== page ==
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Choosing the Nation’s Fiscal Future PROJECTIONS OF SPECIFIC FUNDS Many countries also make long-term projections of specific budgetary funds, such as a public pensions and social security. A specific budgetary fund may be managed as a separate independent legal entity responsible for assets and contributions for an exclusive purpose. For example, fiscal projections of pension funds are undertaken in a number of OECD countries; see Box G-1. SUMMARY OF EXPERIENCE WITH FISCAL PROJECTIONS The experiences of the 12 countries considered can be summarized as follows: Most countries surveyed publish fiscal projections to assess the government’s fiscal future over a 40-50 year time horizon, and around half also over an infinite time horizon. Only half of all countries prepare their analyses annually. The practice remains relatively new in most countries, introduced in the past decade. Although many factors, such as the fiscal consequences of population aging, global climate change, and contingent liabilities pose risks to fiscal sustainability, most projections focus solely on population aging. A combination of projected fiscal aggregates and synthetic indicators are the most common measures of fiscal sustainability; generational accounting is prepared only in a couple of the countries surveyed. Few countries provide an assessment of how and why their fiscal futures have changed since the last projection. Although sensitivity analyses of demographic and macroeconomic assumptions are common in many country’s fiscal projections, sensitivity analysis of the microeconomic assumptions relating to the cost of government services is not common. Analysis is typically used to assess a country’s fiscal future rather than to highlight policy options. Although the methodology and assumptions underlying fiscal projections are disclosed in many reports, none clearly presents how assumptions have changed over time and the reasons underlying the changes.
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Choosing the Nation’s Fiscal Future BOX G-1 Actuarial Projections of Pensions or Social Security Funds in Australia, Canada, Japan, Korea, the United Kingdom, and the United States The Australian Government Actuary, located within the Australian Treasury, prepares actuarial cost estimates of the Public Sector Superannuation Scheme (PSSS) and the Commonwealth Superannuation Scheme (CSS) every 3 years, most recently in 2006. The report identifies the projected actual Australian Government employer costs; the size of the Australian government’s unfunded superannuation liability; and the level of the notional employer contribution rates required to cover the costs of the schemes. Canada’s Office of the Chief Actuary, located in the Superintendent of Financial Institutions Canada, undertakes a review of the Canada Pension Plan as required by legislation. To date, 23 actuarial reports have been prepared since 1964, though their frequency and time horizons have varied over this period. Since 1997, actuarial projections have been standardized to cover a 75-year period and to be published every 3 years. Japan’s Chief Actuary of the Ministry of Welfare conducts a mandatory review of the financial status of the public pension system at least once every five years as required in legislation, most recently in February 2009. The reports update the underlying modeling assumptions and checks whether the replacement rate is on track to fall below its prescribed minimum level in the future. In Korea, an assessment of sustainability of the Korean National Pension Scheme is required by legislation every 5 years. The introduction of actuarial projections as of 2003 represents one of the major changes in the 1998 amendment to the National Pension Act. To date, two actuarial projections have been prepared: the first in 2003, the second in 2008. The United Kingdom Government Actuary’s Department prepares reviews every 5 years of the National Insurance Fund. The reviews provide a 60-year projection to estimate the contribution rates required to be paid to the National Insurance Fund in future years in order to meet expenditure on a pay-as-you-go basis. Projections, however, may be updated more frequently as necessary to illustrate the financial consequences of reform proposals and new draft legislation. An external peer review of the department’s projections is conducted periodically, most recently in 2002. In the United States, the Social Security Act was amended in 1968 to provide for the appointment of an advisory council every 4 years beginning in 1969. The council was to review the status of the Social Security and Medicare trust funds as well as the scope of coverage and adequacy of benefits under the Social Security and Medicare programs. The statute specifically authorized the council to engage the technical assistance necessary to carry out their functions. A technical advisory panel also reviews the methods and assumptions used in the annual projections for the Social Security trust funds.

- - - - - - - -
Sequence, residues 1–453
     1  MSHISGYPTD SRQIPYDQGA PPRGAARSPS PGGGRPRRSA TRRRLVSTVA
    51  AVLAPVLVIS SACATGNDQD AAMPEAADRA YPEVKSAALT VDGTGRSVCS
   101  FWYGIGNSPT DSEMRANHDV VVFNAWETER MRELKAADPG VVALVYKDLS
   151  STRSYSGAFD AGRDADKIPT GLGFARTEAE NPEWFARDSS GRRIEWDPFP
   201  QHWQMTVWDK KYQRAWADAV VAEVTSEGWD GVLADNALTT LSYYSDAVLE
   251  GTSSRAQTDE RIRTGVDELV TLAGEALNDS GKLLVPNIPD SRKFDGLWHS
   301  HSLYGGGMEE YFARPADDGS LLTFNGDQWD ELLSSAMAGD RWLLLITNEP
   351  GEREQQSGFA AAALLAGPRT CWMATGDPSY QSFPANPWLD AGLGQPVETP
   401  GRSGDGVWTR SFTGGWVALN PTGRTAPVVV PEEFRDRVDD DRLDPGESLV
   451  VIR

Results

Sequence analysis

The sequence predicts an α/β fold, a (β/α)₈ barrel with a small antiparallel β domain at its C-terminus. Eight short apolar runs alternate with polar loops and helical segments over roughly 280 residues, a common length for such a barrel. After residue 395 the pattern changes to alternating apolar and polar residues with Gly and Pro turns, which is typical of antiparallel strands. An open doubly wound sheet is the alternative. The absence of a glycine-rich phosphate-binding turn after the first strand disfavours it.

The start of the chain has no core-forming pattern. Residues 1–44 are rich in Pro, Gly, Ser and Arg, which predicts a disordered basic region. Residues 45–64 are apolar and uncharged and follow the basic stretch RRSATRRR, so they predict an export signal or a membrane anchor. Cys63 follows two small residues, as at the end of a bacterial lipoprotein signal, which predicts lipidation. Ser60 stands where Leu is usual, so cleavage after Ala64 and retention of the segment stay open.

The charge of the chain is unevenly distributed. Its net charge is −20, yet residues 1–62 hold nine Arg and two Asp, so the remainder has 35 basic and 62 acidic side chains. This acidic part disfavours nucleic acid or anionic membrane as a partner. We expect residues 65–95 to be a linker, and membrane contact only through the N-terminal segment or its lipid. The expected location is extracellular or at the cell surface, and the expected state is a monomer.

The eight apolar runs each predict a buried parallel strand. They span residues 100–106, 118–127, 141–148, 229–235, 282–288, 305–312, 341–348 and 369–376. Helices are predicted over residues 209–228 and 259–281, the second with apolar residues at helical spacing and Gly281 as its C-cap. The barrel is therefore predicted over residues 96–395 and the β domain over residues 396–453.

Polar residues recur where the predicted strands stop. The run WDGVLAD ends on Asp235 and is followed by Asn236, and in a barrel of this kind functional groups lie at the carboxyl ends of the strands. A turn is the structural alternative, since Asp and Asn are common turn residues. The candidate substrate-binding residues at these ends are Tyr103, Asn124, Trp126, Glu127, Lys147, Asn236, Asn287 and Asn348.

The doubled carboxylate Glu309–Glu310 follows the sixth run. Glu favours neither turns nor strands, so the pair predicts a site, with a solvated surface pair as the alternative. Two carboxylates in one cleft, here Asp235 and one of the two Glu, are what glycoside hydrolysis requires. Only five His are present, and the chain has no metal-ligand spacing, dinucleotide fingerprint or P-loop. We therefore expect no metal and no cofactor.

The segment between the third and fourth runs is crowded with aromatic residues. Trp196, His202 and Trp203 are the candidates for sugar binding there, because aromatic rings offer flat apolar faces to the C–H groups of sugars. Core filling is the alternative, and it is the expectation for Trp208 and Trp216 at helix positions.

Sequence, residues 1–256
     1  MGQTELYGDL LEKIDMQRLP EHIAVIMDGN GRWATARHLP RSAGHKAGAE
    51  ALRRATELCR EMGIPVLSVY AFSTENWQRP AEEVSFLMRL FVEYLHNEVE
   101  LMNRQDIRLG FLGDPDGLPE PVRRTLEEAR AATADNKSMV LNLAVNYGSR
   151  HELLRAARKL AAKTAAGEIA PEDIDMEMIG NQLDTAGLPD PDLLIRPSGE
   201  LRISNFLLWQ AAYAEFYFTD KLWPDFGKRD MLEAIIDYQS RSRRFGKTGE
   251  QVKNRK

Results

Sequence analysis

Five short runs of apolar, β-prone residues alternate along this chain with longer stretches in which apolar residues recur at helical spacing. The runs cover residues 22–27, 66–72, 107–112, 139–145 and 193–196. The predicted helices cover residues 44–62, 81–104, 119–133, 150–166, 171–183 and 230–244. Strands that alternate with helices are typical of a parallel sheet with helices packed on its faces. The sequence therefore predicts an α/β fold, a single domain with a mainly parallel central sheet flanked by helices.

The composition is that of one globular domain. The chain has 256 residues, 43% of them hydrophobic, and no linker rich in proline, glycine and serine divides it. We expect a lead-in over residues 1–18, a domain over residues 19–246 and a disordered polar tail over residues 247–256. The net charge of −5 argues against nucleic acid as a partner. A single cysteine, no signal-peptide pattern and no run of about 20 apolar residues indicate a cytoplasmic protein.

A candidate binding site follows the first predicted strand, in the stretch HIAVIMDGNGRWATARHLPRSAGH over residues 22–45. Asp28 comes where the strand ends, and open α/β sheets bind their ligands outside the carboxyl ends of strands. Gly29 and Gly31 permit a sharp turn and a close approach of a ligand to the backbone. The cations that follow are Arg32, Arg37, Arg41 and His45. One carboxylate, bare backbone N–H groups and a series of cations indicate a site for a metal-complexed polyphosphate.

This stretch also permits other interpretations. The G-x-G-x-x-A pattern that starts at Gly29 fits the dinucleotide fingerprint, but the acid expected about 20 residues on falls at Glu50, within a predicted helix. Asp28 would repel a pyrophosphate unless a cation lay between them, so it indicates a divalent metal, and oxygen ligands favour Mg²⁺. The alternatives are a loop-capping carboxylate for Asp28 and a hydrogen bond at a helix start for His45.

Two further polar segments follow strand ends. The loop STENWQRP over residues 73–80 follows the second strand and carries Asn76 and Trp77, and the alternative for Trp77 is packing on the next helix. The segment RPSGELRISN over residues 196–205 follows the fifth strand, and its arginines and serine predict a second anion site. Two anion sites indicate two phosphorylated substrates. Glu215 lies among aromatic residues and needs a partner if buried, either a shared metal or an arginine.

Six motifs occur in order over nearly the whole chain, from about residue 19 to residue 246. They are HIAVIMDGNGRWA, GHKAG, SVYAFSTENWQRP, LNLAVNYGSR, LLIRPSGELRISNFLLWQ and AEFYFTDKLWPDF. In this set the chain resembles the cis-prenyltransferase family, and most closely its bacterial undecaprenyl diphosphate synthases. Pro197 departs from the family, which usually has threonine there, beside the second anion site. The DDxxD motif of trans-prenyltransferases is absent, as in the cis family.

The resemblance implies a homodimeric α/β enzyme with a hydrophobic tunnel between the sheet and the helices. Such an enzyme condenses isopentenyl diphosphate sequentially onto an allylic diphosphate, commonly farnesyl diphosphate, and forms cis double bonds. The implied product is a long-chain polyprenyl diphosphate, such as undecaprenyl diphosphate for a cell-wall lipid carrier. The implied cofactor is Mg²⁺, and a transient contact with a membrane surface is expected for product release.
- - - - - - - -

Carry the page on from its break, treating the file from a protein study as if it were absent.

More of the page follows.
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Choosing the Nation’s Fiscal Future NOTES 1. This appendix is drawn from a survey of international experience with long-term projections, analysis, and related practices conducted for the committee by Barry Anderson, head of the budgeting and public expenditures division, public governance and territorial development division, Organisation for Economic Co-operation and Development (OECD), with the support of his colleague James Sheppard. A full report on that survey was presented at the June 2009 meeting of OECD senior budget officials and has now been published; see Anderson and Sheppard (2009). 2. What constitutes “long term” is subject to much discussion. Logically, the long term is anything beyond the medium term, which itself varies between countries. Long term is typically associated with effects across generations. In industrialized countries, an average generation is 30-40 years. The time period of more than 10 years has been selected here, noting that a number of countries prepare medium-term fiscal frameworks spanning up to 8 years (e.g., Denmark and Sweden). REFERENCES Anderson, B., and Sheppard, J. (2010). Fiscal futures, institutional budget reforms, and their effects: What can be learned? OECD Journal on Budgeting, 2009(3). Government Accountability Office. (2006). Budget Process: Better Transparency, Controls, Triggers, and Default Mechanisms Would Help to Address Our Large and Growing Long-term Fiscal Challenge. GAO-06-761T, May 25. Washington, DC: U.S. Government Accountability Office.